int myFunction(int x, double y) // takes an int and a double, returns an int

Functions in Java can have multiple parameters, but they can only return one value, though it is possible to use arrays, lists, or classes to achieve the effect of returning multiple values.

Return statements

When a return statement is reached, the program jumps out of the function and returns back to where it was called from, usually returning with a value.

It is possible for a function to have multiple return statements, like below:

public static boolean containsEvens(List<Integer> list)
{
    for (int x : list)
    {
        if (x % 2 == 0)
            return true;
    }
    return false;
}

This function checks whether a list contains any even integers. It loops over the list, and as soon as it finds an even, it returns true, jumping immediately out of the function without bothering to check the rest of the list. If we get all the way through the list without finding any evens, then the function returns false.

Void functions don't require a return statement, though an empty return statement in a void function can be used to jump out of the function. Here is an example:

public static void printTwoRandomItems(List<String> list)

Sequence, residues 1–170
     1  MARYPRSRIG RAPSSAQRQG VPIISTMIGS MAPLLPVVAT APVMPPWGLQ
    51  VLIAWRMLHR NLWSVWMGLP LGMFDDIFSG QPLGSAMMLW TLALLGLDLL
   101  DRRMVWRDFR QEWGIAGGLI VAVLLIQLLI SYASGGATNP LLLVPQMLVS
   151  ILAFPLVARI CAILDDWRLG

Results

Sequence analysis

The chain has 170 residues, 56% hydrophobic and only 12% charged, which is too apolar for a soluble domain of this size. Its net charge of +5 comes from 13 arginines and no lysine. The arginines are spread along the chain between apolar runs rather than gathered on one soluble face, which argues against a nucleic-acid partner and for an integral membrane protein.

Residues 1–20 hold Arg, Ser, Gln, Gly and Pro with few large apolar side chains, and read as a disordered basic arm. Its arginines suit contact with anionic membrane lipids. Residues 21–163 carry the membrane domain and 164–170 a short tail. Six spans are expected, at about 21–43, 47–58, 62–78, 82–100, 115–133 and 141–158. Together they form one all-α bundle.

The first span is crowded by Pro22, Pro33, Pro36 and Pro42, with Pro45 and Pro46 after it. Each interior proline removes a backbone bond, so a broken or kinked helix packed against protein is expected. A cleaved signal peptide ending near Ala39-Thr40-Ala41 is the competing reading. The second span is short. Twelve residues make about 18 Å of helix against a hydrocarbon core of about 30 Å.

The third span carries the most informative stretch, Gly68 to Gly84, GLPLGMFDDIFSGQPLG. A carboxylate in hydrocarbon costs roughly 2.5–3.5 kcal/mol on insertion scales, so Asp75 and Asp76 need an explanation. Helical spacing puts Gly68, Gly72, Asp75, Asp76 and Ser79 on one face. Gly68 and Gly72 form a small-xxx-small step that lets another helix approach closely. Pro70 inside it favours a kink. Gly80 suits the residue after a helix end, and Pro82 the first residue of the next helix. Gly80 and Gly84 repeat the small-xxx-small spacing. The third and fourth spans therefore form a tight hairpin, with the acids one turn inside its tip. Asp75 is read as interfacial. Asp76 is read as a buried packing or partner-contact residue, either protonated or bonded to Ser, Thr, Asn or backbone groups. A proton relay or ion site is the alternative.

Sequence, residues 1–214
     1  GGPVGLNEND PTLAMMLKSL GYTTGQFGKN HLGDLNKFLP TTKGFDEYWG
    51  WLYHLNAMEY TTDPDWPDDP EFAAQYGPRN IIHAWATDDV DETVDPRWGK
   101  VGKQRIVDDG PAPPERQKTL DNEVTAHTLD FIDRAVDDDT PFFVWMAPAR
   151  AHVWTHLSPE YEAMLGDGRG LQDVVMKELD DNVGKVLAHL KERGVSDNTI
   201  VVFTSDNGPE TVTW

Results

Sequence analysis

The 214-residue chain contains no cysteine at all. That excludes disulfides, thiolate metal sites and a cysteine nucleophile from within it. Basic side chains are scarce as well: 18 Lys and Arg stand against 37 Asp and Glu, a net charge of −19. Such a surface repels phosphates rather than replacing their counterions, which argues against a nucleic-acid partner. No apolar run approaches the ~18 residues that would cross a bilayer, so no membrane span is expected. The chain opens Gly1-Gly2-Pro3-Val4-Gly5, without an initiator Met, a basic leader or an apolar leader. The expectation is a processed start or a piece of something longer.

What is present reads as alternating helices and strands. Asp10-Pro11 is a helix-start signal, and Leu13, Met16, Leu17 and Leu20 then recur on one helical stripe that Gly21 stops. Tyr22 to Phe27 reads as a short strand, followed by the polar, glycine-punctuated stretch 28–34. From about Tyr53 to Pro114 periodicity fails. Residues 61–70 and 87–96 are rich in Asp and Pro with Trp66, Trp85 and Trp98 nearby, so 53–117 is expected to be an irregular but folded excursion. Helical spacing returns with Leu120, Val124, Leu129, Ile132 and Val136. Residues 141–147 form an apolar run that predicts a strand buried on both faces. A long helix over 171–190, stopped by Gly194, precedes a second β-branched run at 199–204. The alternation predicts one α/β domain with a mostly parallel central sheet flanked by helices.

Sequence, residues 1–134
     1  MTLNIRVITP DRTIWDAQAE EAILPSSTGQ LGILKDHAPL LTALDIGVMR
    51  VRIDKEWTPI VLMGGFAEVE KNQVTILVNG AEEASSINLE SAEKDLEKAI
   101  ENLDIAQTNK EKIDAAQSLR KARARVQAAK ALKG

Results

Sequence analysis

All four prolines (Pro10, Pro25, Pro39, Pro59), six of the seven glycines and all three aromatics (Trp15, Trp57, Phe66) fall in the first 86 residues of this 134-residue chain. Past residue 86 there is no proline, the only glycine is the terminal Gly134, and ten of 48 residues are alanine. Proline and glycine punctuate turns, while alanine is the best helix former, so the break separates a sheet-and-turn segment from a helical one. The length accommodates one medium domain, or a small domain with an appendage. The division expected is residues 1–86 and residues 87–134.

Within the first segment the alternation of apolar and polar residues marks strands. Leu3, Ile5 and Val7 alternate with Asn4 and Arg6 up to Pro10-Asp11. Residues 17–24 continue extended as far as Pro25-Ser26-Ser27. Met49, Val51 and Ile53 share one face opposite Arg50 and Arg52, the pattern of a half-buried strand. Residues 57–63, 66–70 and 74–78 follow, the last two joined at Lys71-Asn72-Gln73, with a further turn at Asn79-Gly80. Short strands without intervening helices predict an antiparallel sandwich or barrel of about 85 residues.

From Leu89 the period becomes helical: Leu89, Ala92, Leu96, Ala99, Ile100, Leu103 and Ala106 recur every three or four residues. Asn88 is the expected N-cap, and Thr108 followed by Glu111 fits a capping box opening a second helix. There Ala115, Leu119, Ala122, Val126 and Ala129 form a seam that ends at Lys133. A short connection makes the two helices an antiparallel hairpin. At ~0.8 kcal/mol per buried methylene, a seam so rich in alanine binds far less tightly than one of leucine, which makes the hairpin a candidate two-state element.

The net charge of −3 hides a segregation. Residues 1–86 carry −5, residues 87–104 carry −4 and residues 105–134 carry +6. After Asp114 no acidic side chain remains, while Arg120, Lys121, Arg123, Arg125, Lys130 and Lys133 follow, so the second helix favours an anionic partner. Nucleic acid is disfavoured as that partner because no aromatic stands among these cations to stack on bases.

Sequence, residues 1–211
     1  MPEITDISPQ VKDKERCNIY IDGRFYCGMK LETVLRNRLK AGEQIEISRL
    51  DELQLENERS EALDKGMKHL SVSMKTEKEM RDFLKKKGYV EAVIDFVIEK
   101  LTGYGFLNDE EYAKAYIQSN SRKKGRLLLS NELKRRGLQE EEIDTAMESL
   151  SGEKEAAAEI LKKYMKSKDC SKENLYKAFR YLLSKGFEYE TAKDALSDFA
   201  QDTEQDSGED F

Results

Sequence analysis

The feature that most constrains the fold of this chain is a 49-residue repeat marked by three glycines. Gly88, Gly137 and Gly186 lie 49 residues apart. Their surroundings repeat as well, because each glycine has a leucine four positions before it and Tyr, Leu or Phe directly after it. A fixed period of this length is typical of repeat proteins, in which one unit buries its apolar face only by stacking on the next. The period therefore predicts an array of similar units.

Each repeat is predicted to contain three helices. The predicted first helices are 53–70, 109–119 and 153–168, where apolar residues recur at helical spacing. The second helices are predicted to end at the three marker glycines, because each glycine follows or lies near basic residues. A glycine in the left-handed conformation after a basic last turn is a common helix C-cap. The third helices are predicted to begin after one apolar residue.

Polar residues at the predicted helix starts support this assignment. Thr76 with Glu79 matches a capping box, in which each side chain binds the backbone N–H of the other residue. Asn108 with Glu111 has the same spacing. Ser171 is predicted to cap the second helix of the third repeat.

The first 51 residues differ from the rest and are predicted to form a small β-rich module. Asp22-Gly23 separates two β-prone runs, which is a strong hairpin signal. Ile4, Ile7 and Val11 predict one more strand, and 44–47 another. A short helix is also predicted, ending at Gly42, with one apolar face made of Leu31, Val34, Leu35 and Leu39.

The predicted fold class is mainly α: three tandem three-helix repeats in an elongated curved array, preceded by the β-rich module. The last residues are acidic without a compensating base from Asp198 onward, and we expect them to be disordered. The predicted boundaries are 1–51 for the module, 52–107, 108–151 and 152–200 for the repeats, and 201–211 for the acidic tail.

{
    if (list.size() < 2)
        return;

    List<String> copy = new ArrayList<String>(list);
    Collections.shuffle(copy)
    System.out.println(copy.get(0) + ", " + copy.get(1));
}

Local variables

A variable declared in a function is local to that function. This means that it essentially only exists within that function and is not accessible from outside of it. This is important as in large programs, you don't want the variables of one function to affect the variables of another function. You also don't have to worry about if you've already used a variable with the same name in another function.

Parameters vs arguments

Just a quick vocabulary note: Suppose we have a function with the declaration void f(int x, int y).

The variables x and y are the function's parameters. When we call the function with something like f(3, 6), the values 3 and 6 are called arguments to the function.

Classes